Notre Dame would leap at that kind of production in 2022.
It may not come, but more because the Irish offense will operate a bit slower this year and its focuses will be junior tight end Michael Mayer and sophomore receiver Lorenzo Styles. None of that reflects poorly on Davis.
There may also be the wonder of if he will be full-go by Labor Day weekend.
Regardless, a third contributing season at receiver is ahead of Davis, something hard to fathom at any point in 2017, 2018 or 2019.
Davis will almost certainly be a two-time captain, and at some point, offensive coordinator Tommy Rees may let Davis finally throw a pass. It would be a fitting conclusion to the career of the one-time quarterback recruit.
DOWN THE ROAD
If healthy, Davis will go through the myriad combine drills in hopes of signing an undrafted free agent contract with an NFL team. There is little reason to bet against him.
NOTRE DAME 99-TO-0
From Blake Grupe to Braden Lenzy, the offseason countdown begins anew
No. 99 Blake Grupe, kicker, Arkansas State transfer
No. 99 Rylie Mills, junior defensive lineman, a tackle now playing more at end
No. 98 Tyson Ford, early-enrolled freshman, a defensive tackle recruited as a four-star end
No. 97 Gabriel Rubio, sophomore defensive tackle, still ‘as wide as a Volkswagen’
No. 92 Aidan Keanaaina, a junior defensive tackle who tore his ACL in March
No. 91 Josh Bryan, sophomore kicker
No. 91 Aiden Gobaira, early-enrolled freshman defensive end, four-star recruit
No. 90 Alexander Ehrensberger, junior defensive end, a German project nearing completion
No. 88 Mitchell Evans, sophomore tight end
No. 87 Michael Mayer, junior tight end, likely All-American
No. 85 Holden Staes, incoming freshman tight end
No. 84 Kevin Bauman, junior tight end
No. 83 Jayden Thomas, sophomore receiver, former four-star recruit
No. 80 Cane Berrong, sophomore tight end coming off an ACL injury
No. 79 Tosh Baker, one of four young Irish offensive tackles
No. 78 Pat Coogan, sophomore center, recovering from a meniscus injury
No. 77 Ty Chan, incoming offensive tackle, former four-star recruit
No. 76 Joe Alt, sophomore starting left tackle
No. 75 Josh Lugg, sixth-year offensive lineman, likely starting right guard
No. 74 Billy Schrauth, early-enrolled freshman offensive guard coming off foot surgery
No. 73 Andrew Kristofic, senior offensive tackle-turned-guard
No. 72 Caleb Johnson, sophomore offensive tackle, former Auburn pledge
No. 68 Michael Carmody, junior offensive line utility man
No. 65 Michael Vinson, long snapper, ‘Milk’
No. 65 Chris Smith, defensive tackle, Harvard transfer
No. 59 Aamil Wagner, consensus four-star incoming freshman offensive tackle
No. 58 Ashton Craig, incoming freshman center
No. 57 Jayson Ademilola, fifth-year defensive tackle, coming off shoulder surgery
No. 56 Joey Tanona, early-enrolled offensive guard coming off a concussion
No. 56 Howard Cross, senior defensive tackle with heavy hands, and that’s a good thing
No. 55 Jarrett Patterson, fifth-year offensive lineman, three-year starting center, captain
No. 54 Jacob Lacey, senior defensive tackle, now lighter and a starter
No. 54 Blake Fisher, sophomore starting right tackle, ‘ginormous’
No. 52 Zeke Correll, senior center or perhaps left guard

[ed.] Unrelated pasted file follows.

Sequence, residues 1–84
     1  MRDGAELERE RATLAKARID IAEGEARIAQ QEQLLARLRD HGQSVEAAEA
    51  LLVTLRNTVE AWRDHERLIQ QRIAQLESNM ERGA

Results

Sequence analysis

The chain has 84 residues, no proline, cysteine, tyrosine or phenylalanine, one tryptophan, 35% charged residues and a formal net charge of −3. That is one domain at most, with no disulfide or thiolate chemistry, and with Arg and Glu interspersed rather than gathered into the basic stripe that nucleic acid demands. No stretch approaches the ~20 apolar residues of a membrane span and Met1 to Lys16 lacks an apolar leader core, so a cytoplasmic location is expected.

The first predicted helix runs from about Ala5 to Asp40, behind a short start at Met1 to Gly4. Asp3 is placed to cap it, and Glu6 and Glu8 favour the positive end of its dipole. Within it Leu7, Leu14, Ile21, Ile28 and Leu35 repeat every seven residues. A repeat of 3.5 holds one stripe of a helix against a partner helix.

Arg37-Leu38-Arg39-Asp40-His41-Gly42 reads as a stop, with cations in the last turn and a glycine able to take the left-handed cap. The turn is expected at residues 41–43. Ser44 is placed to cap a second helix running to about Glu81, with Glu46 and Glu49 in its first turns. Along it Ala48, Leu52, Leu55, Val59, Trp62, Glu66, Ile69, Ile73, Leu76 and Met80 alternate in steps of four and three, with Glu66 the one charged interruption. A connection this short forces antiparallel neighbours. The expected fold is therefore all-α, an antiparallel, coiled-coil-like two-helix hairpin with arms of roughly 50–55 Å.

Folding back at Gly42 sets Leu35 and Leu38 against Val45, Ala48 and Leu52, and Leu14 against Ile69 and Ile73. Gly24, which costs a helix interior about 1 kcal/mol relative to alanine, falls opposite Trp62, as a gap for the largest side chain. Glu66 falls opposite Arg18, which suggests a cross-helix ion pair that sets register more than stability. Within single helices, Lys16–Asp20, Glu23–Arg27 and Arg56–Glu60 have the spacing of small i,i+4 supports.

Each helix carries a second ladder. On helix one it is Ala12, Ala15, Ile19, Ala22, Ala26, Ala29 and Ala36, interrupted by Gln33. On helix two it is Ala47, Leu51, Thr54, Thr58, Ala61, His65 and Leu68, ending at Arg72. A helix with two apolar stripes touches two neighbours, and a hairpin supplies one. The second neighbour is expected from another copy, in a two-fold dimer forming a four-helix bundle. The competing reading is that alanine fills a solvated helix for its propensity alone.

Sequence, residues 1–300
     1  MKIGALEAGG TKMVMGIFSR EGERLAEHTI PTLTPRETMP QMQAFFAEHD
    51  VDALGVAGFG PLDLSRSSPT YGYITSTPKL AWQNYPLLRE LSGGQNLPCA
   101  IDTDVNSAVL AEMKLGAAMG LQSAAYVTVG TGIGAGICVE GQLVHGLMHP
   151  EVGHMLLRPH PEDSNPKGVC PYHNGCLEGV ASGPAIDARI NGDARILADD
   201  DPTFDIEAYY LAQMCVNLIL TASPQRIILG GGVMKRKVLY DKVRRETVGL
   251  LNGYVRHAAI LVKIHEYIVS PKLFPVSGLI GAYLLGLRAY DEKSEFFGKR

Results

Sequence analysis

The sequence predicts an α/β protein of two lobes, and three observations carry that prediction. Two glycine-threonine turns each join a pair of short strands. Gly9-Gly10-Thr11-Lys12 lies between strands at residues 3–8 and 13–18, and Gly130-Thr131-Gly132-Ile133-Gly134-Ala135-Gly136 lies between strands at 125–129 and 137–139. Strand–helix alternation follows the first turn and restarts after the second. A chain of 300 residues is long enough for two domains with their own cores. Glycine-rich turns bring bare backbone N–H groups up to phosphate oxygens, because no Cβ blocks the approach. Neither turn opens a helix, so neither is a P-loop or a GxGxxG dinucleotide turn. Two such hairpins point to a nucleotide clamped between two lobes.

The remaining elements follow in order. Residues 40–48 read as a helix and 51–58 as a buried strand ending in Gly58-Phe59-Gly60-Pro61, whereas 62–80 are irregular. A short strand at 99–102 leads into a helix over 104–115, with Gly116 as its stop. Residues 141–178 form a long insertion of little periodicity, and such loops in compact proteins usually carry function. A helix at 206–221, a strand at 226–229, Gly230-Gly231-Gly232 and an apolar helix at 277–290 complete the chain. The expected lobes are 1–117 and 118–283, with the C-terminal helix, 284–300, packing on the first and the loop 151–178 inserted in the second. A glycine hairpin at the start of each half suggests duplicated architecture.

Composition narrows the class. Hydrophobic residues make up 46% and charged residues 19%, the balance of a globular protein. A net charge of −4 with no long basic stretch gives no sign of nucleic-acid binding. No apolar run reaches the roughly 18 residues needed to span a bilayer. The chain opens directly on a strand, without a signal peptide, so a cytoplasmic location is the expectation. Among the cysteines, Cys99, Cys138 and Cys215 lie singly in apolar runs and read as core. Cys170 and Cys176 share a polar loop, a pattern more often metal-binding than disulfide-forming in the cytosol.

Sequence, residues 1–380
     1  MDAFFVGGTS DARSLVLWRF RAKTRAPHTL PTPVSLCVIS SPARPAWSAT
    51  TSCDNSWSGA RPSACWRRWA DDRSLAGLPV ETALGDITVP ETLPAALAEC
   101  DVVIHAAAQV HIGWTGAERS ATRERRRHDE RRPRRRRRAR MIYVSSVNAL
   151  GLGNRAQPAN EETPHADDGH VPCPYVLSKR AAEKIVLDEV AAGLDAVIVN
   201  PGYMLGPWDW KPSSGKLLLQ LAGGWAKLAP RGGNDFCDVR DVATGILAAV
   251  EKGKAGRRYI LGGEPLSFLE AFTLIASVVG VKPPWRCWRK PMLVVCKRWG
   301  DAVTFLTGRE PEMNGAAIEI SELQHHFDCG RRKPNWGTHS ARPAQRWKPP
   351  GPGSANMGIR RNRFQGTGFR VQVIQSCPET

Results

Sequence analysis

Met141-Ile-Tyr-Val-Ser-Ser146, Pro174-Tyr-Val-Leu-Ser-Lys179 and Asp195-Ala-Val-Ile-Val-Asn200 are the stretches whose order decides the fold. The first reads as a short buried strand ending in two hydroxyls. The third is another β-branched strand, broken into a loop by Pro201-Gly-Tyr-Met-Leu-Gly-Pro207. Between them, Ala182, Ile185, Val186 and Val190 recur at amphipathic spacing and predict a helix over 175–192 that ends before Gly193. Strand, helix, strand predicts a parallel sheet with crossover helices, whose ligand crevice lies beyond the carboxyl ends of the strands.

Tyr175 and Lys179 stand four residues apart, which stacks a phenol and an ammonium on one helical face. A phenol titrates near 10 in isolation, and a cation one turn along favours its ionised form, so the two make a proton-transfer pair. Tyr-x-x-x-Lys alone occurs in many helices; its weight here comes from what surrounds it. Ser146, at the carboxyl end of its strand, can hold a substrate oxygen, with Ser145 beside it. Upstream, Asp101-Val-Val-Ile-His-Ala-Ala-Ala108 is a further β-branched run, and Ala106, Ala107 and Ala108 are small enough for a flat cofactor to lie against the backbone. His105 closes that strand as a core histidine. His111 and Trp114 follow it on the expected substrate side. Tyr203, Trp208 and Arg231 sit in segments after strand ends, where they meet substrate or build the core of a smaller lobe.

No. 52 Bo Bauer, fifth-year linebacker, Ironman
No. 50 Rocco Spindler, sophomore offensive guard
No. 48 Will Schweitzer, sophomore end-turned-linebacker
No. 47 Jason Oyne, sophomore defensive end-turned-tackle
No. 44 Junior Tuihalamaka, early-enrolled freshman linebacker, consensus four-star recruit
No. 44 Alex Peitsch, junior long snapper
No. 42 Nolan Ziegler, early-enrolled freshman linebacker, Irish legacy
No. 41 Donovan Hinish, incoming freshman defensive tackle, Kurt’s brother
No. 40 Joshua Burnham, early-enrolled freshman linebacker-turned-end
No. 34 Osita Ekwonu, senior Vyper end coming off an Achilles injury
No. 31 NaNa Osafo-Mensah, senior defensive end
No. 29 Matt Salerno, fifth-year receiver, punt returner, former walk-on
No. 28 TaRiq Bracy, fifth-year starting nickel back
No. 27 JD Bertrand, senior linebacker recovering from a plaguing wrist injury
No. 25 Philip Riley, sophomore cornerback
No. 25 Chris Tyree, junior running back, possible Irish bellcow
No. 24 Jack Kiser, senior linebacker, second-year starter
No. 23 Jayden Bellamy, early-enrolled freshman cornerback
No. 22 Justin Walters, sophomore safety
No. 22 Logan Diggs, sophomore running back with a shoulder injury
No. 21 Jaden Mickey, early-enrolled freshman cornerback
No. 20 Jadarian Price, early-enrolled freshman running back with a ruptured Achilles
No. 20 Benjamin Morrison, freshman cornerback
No. 18 Chance Tucker, sophomore cornerback
No. 18 Steve Angeli, freshman QB, Blue-Gold Game star
No. 17 Jaylen Sneed, early-enrolled linebacker, Rover of the future
No. 16 Brandon Joseph, Northwestern transfer, preseason All-American, starting safety
No. 16 Deion Colzie, sophomore receiver
No. 15 Tobias Merriweather, freshman receiver, forever a memorable recruitment
No. 15 Ryan Barnes, sophomore cornerback
No. 14 Bryce McFerson, freshman punter facing a Harvard challenge
No. 13 Gi’Bran Payne, freshman running back, late recruit
No. 12 Tyler Buchner, sophomore starting QB
No. 12 Jordan Botelho, a defensive end-turned-linebacker
No. 11 Ron Powlus III, sophomore QB providing steadiness to a chaotic room
No. 11 Ramon Henderson, junior cornerback-turned-safety
No. 10 Drew Pyne, junior quarterback
No. 10 Prince Kollie, sophomore linebacker, high school Butkus Award winner
No. 9 Eli Raridon, incoming freshman tight end with a torn ACL
No. 9 Justin Ademilola, fifth-year defensive end, a backup in name only
No. 8 Marist Liufau, senior linebacker returning from a dislocated ankle
No. 7 Audric Estime, sophomore running back, No. 2 on the shortened depth chart
No. 7 Isaiah Foskey, defensive end on a record chase
No. 6 Clarence Lewis, three-year starting cornerback
No. 5 Joe Wilkins, receiver with a September-costing foot injury
No. 5 Cam Hart, senior cornerback, second-year starter
No. 4 Xavier Watts, junior receiver-turned-safety
No. 4 Lorenzo Styles, sophomore receiver poised for a breakout